Tuesday, June 3, 2014

Descendants of a King with a Few Skeletons in Our Closet

Image Courtesy of Dan/freedigitalphotos.net
So God created mankind in his own image, in the image of God he created them; male and female he created them. Genesis 1:27

We are all descendants of the same Creator.  It's not all that hard to believe because we see the similarities from one person to the other.  We all have the same basic needs:  food, shelter, and water-security and belonging.  But when you talk about one specific person who is in that same "lineage," it becomes a little harder to believe. 

The King of Kings, The Rock, The Messiah, The Good Shepherd.
Really?  How can I be a descendant of Christ?  I'm a tiny little woman full of fear, who succumbs to laziness, can't keep a dollar in her pocket without the urge to spend it, and would gladly stand in the kitchen eating peanut butter by the spoonful all day long if given the chance.  
How can I even THINK to boast being a descendant of a King?
In the book The Jesus I Never Knew, Philip Yancey points out that the first chapter of the Gospel of Matthew is a detailed account of Jesus's family tree, and he had some major skeletons in his closet.   Uzzaiah, for example, was struck with leprosy (a disease that was attributed to disobedience of God during biblical times), and Bathsheba was known for having an affair with King David while she was married to Uriah, a Hittite officer.  King David was said to have had Uriah killed in battle so he could later marry Bathsheba.
Now, if the Bible was God-breathed, and Matthew was compelled to include this genealogy of Christ in the very opening of the book he scribed, then why do some of us carry around the shame in our past?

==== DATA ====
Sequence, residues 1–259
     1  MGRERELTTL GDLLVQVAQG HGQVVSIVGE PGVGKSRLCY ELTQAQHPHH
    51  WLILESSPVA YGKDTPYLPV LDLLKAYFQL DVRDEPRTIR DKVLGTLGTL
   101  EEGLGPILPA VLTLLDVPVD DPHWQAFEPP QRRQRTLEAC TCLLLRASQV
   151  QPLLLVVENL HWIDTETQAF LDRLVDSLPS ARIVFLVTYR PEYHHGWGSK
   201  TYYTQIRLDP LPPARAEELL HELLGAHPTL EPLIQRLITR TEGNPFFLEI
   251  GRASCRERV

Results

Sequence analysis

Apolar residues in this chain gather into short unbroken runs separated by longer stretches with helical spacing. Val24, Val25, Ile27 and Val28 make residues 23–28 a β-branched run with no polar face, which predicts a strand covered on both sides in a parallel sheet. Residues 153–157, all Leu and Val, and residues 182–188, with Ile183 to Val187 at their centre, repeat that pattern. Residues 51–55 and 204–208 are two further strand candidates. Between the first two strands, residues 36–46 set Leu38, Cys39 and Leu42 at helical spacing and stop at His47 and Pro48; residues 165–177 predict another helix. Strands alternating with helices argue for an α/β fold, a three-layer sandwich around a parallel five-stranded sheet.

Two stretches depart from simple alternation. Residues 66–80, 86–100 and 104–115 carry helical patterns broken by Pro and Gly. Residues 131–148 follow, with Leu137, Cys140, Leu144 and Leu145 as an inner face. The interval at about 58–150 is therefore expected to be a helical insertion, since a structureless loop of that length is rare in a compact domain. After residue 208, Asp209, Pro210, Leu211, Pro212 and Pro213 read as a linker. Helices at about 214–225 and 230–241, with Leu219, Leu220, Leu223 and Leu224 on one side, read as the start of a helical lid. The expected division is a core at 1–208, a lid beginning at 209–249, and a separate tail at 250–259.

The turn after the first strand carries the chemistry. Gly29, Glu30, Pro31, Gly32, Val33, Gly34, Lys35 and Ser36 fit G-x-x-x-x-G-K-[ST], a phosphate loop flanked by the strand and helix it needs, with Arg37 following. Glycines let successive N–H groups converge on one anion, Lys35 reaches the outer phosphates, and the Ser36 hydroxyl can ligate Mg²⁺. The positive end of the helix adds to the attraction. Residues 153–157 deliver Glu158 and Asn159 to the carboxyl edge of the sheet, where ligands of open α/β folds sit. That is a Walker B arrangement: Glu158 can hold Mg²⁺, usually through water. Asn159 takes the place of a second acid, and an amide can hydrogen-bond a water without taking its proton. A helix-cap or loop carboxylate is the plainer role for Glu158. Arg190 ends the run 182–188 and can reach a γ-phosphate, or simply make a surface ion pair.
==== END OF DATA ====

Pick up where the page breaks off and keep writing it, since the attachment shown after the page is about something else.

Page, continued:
God chiseled each of us into a reflection of Him.  Why do we feel that any one of us is better than or worse than the other?

Today, if you find yourself conveniently eliminating information about various parts of your past, or people in your past, ask yourself why?
Why did God showcase Moses, a man with a speech impediment?  

Why did God elevate Abraham, a man who couldn't let God be in control of when or with whom he (Abraham) would have children?  

Why did God make David, a man who murdered out of lust, become one of the greatest kings in history?

Why did God make Saul, one of worst persecutors of Christians, into one of the greatest Christian evangelists on the face of the earth?

Because they give us hope for our own selves. Because it's in the extremity of the contrast between good and evil that we find the promise that even WE can choose to do good.  
Because Christ didn't come to save people who DON'T need him; he came to save the people who DO need him.
Pray:  Heavenly Father, thank you for showing us that there is hope for us.  No matter where we've been or what we've done, you have the power to turn that around in us today.  Come into my heart and cleanse it with your blood and change me through your Holy Spirit.  Amen

Tammie Hefty  

1 comment:

  1. Thank you for these words that help us see ourselves as God does...weak people filled with potential anchored in Christ. Thanks, too, for adding this post to DifferentDream.com's Tuesday link share.